Recommendation: MLTSD should collect copies of exposure-monitoring results from employers at the time of inspections and computerize those results to facilitate access to exposure monitoring data. As above, the Ministry should consider this recommendation in the context of Ontario's existing privacy regulatory framework and statutory changes may be needed.

Recommendation: WSIB should explore opportunities to work with external research organizations to digitize historical exposure or employment records for high-risk industries, such as was done with the Mining Master File. Such efforts could also be taken using internal resources.

Improving recognition through medical education

Even for well-established carcinogens there is an extremely large gap between the estimated burden of occupational cancer and submitted claims. Currently, Canadian medical students receive very little basic training in occupational health, including the need to collect an occupational history. Other than a few specialty clinics and some independent practices, there are very few occupational medicine specialists in the province, so the great majority of patients need to rely on their primary care providers for support on workers’ compensation claims.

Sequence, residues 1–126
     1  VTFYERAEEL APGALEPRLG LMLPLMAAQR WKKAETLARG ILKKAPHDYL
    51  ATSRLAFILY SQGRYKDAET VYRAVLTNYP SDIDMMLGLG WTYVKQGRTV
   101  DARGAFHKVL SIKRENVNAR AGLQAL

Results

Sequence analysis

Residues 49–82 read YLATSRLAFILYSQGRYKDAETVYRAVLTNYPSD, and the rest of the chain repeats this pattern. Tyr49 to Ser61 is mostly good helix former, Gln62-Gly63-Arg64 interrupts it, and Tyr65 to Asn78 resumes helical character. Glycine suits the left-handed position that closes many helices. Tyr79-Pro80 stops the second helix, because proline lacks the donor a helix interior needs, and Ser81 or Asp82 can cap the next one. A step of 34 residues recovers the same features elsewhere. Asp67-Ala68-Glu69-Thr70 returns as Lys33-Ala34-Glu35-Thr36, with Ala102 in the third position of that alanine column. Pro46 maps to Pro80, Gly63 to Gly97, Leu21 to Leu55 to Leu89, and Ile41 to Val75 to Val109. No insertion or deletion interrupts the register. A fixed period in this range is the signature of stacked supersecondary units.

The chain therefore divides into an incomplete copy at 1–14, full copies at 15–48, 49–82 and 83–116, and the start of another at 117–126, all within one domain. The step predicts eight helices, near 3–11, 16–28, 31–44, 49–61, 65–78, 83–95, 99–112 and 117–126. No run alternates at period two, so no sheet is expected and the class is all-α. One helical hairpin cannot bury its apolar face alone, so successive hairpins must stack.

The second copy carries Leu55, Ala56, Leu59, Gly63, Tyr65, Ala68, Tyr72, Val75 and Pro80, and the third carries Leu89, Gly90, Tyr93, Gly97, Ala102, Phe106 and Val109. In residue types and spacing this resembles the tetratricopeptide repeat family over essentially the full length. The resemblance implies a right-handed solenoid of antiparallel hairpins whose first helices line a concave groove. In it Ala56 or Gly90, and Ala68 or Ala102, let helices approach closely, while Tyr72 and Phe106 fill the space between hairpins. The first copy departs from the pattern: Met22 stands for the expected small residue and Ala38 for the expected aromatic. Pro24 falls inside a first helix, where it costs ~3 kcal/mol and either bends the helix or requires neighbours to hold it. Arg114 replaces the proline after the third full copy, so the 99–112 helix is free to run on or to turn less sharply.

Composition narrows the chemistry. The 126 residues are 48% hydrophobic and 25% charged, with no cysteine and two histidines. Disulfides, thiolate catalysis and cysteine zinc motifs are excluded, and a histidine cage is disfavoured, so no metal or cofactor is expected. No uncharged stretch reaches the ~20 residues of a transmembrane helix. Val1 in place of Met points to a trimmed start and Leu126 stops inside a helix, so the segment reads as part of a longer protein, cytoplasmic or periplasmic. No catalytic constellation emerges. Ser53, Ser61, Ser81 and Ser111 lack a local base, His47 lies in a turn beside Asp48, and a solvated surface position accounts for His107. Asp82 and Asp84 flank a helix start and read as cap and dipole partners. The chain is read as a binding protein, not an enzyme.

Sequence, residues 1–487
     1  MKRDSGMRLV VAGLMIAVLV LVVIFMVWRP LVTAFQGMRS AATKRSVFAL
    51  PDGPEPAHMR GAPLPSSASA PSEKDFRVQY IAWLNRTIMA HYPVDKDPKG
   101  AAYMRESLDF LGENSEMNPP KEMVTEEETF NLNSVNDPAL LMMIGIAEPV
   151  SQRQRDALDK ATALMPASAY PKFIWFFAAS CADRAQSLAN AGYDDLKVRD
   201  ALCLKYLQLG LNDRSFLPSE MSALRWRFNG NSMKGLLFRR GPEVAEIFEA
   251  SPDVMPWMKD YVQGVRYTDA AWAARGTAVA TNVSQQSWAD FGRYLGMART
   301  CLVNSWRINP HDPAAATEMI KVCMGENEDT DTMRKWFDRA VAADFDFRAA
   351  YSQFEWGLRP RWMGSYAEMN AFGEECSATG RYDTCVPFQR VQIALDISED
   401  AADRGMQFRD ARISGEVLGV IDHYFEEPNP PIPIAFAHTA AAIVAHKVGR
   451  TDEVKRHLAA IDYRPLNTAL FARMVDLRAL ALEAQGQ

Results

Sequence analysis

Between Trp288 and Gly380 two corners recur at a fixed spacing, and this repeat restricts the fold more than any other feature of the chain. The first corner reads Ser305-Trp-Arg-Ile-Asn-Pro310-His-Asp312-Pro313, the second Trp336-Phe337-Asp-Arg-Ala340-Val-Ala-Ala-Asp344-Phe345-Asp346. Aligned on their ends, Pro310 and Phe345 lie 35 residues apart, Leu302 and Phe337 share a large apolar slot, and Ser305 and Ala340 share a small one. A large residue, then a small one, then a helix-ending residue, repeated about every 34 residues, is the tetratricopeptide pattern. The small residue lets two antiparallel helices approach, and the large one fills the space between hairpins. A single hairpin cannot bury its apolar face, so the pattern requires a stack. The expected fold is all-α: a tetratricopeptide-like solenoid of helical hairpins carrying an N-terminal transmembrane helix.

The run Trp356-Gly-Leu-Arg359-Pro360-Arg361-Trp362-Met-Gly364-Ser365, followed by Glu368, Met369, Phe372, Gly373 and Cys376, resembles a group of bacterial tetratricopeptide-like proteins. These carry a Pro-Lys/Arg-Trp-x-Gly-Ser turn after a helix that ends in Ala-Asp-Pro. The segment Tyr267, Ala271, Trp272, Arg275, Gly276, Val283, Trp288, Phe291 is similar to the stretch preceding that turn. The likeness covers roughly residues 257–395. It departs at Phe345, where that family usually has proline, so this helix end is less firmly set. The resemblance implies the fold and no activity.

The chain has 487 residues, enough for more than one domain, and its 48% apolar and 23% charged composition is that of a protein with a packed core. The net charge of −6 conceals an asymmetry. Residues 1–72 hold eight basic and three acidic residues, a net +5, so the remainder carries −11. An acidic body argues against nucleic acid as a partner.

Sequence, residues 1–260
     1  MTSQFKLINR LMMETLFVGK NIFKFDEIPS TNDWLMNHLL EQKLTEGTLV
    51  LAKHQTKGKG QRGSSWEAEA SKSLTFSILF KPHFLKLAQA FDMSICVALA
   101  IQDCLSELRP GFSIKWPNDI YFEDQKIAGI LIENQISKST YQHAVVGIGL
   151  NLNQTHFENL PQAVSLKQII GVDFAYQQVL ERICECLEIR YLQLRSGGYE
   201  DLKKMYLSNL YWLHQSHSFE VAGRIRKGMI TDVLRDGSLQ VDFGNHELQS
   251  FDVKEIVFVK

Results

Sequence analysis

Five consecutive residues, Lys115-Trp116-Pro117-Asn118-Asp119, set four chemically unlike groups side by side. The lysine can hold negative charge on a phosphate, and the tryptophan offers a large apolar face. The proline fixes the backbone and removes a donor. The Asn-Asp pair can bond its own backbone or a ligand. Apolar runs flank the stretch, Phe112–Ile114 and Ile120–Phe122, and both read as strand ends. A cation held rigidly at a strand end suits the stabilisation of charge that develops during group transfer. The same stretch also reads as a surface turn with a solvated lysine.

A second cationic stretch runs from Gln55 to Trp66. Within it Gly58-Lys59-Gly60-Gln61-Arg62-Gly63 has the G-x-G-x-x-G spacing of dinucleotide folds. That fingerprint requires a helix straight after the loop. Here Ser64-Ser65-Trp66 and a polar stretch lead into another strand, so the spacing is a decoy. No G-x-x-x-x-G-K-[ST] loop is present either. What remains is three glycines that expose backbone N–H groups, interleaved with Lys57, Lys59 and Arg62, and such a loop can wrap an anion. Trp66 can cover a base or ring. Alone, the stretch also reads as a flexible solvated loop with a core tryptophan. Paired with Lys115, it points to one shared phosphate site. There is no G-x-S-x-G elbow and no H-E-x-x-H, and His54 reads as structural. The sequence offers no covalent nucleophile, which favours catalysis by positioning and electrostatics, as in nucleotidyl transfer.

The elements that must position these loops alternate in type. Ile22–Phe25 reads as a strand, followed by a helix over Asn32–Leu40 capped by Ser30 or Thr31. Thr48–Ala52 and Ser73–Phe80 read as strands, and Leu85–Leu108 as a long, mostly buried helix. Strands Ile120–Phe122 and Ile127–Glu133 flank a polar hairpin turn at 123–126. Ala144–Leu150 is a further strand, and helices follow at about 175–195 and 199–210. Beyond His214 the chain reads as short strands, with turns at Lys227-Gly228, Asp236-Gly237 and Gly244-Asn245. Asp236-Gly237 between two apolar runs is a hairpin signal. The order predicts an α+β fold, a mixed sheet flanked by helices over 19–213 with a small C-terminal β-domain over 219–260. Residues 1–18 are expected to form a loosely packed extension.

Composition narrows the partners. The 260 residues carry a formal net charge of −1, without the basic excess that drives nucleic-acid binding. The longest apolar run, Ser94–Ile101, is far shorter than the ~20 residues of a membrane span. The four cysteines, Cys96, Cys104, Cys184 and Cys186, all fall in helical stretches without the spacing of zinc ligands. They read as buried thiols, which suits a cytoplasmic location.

General practitioners have acknowledged the value that additional training in occupational medicine could bring to their practice (67) and primary care provider targeted occupational health training could improve the rate of detection and reporting of occupational disease (68). For example, a recent study demonstrated that physicians who had been trained in occupational medicine or received training in occupational diseases were "more likely to refer a patient on suspicion of occupational disease" (69).

Recommendation: Physician education is a challenging area that deserves more investigation. While a detailed review of this issue is beyond the scope of this report, it is important that medical education be improved in Ontario to increase the recognition of occupational cancer.